Sheng for it is a social dialect of Sheng. The youthful respondents, however, disagreed with this

    thinking. They see a bright future for Sheng where the publication of Sheng dictionaries by scholars like

    Ireri Mbaabu and Nzunga (2003) and Moga and Danfee (2004) and the use of Sheng in the media -

    especially in music by musicians like Nonini and Prczzo is a pointer to the languages future being

    bright. A typically ambivalent attitude to the future of Sheng by youthful informants goes thus:-

    Sheng is the most enduring medium of expression which the people of Kenya have because it contains

    nearly all the elements of other languages used in Kenya.

    This support of Sheng by youthful respondents, is in direct contradiction to the earlier one that claims

    Sheng is doomed to perish with the present generation of speakers. Most elderly respondents with the

    negative attitude towards Sheng and Engsh hold that although some booklets are written in Sheng, the

    booklets are minutely studied.

    From the data, it is indicative that the users of Sheng and Engsh do not regard them much as languages.

    Asked how many Kenyan languages they knew, none of the respondents ever mentioned Sheng or even

    Engsh. It was only when I remarked about Sheng that the respondents came up to say they spoke it as a

    peer language. Therefore, on the Kenyan linguistic scene. Sheng and Engsh as languages are spoken by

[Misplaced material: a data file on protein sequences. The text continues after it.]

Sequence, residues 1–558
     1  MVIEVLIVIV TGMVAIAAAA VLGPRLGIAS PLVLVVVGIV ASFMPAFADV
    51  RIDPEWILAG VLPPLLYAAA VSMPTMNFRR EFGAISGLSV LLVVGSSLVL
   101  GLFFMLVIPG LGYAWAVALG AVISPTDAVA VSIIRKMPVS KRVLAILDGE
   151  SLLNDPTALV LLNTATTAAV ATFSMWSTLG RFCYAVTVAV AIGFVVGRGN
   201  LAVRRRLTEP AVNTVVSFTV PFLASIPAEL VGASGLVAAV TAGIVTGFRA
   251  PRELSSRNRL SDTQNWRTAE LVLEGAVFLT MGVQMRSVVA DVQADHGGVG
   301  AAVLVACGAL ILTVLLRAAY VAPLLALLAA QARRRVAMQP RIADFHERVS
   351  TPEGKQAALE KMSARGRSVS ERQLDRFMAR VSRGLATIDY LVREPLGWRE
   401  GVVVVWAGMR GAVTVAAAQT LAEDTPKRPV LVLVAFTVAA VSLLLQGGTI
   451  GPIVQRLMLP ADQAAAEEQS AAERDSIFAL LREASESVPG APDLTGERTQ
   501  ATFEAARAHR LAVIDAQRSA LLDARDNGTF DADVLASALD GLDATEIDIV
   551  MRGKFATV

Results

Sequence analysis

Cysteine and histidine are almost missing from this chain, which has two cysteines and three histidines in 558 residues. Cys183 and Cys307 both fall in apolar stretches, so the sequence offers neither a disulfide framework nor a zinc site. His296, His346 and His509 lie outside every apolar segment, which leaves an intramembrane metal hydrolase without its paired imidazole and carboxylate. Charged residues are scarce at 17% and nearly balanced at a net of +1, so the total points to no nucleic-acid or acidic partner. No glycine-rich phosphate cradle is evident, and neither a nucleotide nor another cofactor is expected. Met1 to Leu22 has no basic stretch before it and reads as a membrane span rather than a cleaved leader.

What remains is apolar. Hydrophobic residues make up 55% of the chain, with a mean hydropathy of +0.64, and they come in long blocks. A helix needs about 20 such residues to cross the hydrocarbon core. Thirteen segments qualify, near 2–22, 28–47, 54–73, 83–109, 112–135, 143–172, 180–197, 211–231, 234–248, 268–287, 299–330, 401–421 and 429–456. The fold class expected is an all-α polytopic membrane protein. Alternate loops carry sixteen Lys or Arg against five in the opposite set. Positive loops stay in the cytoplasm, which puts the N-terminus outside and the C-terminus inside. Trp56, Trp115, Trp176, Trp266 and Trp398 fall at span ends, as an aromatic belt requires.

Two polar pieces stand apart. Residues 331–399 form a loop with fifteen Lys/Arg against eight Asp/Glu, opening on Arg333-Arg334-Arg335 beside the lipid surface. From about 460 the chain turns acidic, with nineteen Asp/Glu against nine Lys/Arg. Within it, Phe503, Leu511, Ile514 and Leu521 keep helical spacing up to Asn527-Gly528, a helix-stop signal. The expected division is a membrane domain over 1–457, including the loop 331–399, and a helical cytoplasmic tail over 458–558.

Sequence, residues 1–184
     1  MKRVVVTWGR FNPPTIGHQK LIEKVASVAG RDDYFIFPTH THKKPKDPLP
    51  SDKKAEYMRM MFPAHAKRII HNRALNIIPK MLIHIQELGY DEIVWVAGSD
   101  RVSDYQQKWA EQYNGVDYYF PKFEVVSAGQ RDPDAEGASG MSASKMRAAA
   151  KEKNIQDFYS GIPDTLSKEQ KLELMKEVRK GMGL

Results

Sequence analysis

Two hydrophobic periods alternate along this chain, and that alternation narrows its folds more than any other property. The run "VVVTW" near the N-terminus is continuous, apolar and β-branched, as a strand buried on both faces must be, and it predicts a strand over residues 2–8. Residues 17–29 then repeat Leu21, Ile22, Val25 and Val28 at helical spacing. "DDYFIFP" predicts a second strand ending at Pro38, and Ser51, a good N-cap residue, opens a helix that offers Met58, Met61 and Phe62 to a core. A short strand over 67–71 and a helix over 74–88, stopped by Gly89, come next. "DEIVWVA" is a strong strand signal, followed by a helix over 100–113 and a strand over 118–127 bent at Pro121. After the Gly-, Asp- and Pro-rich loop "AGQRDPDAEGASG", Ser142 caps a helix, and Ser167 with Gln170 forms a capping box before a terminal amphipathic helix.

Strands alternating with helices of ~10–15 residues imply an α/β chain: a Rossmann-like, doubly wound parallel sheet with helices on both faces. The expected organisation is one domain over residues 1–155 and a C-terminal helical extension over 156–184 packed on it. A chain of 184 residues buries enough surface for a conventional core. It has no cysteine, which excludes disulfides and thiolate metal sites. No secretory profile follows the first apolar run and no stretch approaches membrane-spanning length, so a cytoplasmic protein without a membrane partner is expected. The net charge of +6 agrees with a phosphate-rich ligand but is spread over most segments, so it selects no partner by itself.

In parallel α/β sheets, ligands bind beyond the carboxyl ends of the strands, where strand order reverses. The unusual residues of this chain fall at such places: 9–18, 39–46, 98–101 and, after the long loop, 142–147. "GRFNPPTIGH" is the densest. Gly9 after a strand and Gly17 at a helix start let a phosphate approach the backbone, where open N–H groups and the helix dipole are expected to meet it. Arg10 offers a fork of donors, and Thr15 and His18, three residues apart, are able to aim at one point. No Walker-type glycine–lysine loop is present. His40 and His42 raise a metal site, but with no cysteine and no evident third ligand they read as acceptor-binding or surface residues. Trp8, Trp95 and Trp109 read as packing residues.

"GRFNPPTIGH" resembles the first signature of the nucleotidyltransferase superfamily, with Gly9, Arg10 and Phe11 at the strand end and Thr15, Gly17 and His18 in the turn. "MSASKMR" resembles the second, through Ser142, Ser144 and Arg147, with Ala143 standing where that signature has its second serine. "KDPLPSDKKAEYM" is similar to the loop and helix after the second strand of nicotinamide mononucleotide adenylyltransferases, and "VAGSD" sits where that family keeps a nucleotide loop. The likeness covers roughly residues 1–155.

people who will refrain from saying they speak them. Respondents note that this is because of the

    hostility felt toward the social and historical connotations of Sheng and Engsh. Thus, the extent to which

    Sheng and Engsh are remembered and spoken in Kenya seems to depend on individual circumstances

    and preferences. It is even surprising that some respondent users of Engsh words like kamuu for come,

    mtell for tell him/her and Jamuu for Jamhuri High School; think they are using Sheng words. Thus, to

    supporters or even opposers of Sheng and Engsh the two codes are one and the same.

  • International Journal of Scientific Research and Innovative Technology Vol. 2 No. 1; January 2015


    To respondents who also are speakers Sheng and Engsh, Kiswahili and English respondent speakers are

    against the two languages because they feel threatened. These respondents observe that there is tension

    on the part of speakers of Kiswahili because its linguistic features are threatened by those of Sheng and

    Engsh. This is manifested in the refusal by some Kiswahili speakers to use Sheng and Engsh as an effort

    to keep Kiswahili pure and free from the taint of Sheng and Engsh elements. This is further

    manifested in the insistence on recognition of standard Kiswahili, and the derogatory terms of reference

    respondents, who support Kiswahili use for Sheng and Engsh. For instance, to the elderly respondents,

    Sheng is no languag...